I initially found Mark Fields grating.
In 1999, barely weeks after landing in Japan, he was named president of Mazda Motor Corp. I was Automotive News’ Asia Editor in Tokyo then, and I cringed at his lingo. Fields spouted MBA jargon as if he were a freshly minted marketing manager in a Dilbert cartoon, trying to impress people with the latest buzzwords. Yes, he was smart and could talk the talk, but was he really a first-class executive?
Three things changed my view of Fields for the better.
First, Mazda was and is hugely reliant on exports from Japan. It lives and dies with the dollar-yen rate. Mazda also had too much capacity in Japan. To change that, Fields held a series of classes for all Mazda employees, where they studied the company’s competitive environment. Closing each class, Fields would ask: “So what should we do?”
The Japanese staffers would conclude, on their own: “We need an overseas plant,” even if that meant closing a line in Japan.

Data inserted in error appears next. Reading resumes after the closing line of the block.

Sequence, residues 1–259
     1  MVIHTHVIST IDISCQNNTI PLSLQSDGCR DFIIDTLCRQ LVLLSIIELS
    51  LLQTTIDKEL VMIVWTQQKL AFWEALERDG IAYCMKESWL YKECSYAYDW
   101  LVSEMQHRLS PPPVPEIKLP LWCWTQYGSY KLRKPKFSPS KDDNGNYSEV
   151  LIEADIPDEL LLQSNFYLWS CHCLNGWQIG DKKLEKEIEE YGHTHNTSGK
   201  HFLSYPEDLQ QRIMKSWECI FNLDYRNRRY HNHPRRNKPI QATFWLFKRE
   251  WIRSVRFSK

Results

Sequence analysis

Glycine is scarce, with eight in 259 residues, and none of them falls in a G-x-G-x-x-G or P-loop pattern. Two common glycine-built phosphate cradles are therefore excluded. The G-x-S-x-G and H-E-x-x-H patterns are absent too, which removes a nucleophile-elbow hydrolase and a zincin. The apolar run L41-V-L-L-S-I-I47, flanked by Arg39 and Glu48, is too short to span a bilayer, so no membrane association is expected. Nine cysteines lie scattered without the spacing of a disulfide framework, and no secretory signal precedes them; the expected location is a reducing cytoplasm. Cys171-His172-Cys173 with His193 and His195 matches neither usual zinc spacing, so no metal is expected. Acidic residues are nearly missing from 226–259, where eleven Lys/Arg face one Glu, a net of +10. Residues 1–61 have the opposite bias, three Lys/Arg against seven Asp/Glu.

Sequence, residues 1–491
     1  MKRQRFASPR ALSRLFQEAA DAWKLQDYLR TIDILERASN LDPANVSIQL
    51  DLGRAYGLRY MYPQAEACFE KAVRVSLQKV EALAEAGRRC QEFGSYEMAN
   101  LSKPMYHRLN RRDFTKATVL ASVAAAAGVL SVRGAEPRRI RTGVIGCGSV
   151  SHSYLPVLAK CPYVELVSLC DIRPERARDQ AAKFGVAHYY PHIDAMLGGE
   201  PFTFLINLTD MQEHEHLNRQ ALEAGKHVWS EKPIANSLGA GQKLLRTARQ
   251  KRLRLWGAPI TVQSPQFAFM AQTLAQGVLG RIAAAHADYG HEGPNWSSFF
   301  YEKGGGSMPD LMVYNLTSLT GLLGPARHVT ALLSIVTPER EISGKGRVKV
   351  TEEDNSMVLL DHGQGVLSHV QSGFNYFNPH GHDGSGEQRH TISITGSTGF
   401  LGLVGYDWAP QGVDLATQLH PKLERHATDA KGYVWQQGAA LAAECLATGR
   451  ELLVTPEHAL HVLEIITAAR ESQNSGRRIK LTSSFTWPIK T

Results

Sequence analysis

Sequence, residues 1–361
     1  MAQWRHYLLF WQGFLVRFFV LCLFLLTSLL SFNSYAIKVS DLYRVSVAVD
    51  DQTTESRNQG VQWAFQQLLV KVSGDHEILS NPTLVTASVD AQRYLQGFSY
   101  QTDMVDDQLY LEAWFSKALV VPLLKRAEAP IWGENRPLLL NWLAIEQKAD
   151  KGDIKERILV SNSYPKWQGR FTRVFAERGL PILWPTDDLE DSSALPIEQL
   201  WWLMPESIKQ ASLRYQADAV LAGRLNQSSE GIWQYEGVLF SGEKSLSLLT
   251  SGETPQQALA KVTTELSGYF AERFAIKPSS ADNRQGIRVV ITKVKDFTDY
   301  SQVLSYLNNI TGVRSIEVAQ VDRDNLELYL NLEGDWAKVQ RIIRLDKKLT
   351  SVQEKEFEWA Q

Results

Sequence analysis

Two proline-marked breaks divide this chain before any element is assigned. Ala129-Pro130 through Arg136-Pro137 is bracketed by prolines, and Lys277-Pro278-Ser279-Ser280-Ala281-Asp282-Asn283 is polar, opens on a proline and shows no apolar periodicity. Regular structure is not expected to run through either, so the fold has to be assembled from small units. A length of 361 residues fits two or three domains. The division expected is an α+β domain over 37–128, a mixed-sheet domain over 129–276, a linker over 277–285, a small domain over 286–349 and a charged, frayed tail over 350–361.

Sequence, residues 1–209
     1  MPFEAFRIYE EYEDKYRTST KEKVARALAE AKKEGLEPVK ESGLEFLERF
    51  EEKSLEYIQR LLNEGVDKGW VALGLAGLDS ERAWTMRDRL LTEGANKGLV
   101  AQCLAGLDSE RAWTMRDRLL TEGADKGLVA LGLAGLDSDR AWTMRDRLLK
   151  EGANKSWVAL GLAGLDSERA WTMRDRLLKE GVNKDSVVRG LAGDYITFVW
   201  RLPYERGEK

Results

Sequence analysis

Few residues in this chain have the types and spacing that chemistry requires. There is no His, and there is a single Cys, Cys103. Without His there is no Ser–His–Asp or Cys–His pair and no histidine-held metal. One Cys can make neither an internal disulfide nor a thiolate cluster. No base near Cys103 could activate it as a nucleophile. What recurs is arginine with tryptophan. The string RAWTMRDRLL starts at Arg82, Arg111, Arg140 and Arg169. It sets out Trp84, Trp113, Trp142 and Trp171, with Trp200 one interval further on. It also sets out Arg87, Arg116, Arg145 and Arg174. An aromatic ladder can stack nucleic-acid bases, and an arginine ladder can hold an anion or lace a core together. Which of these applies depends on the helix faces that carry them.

Second, I watched him struggle through a lousy sales year in Japan with no new product.
I thought vehicle programs had been delayed by the integration of Mazda’s and Ford’s product plans. But when Fields briefed the media on the first of the redesigned cars, he explained that he had delayed some and taken the revenue hit to get them right.
Third, a few years ago, as we finished an interview with Fields, he started to ruminate on his time as president of the Americas for Ford.
In his fast-track career — he had gone from program manager for the Ford Aerostar to Mazda president in just five years — this had been the longest he had held one position, he noted.
He discussed learning what it meant to stay in one spot long enough to have to live with the results of his decisions, to see both good times and bad from the same desk and to bond with colleagues over years of successes and failures. It was a reflective side I hadn’t seen from Fields before and completely jargon-free.
You can reach James B. Treece at firstname.lastname@example.org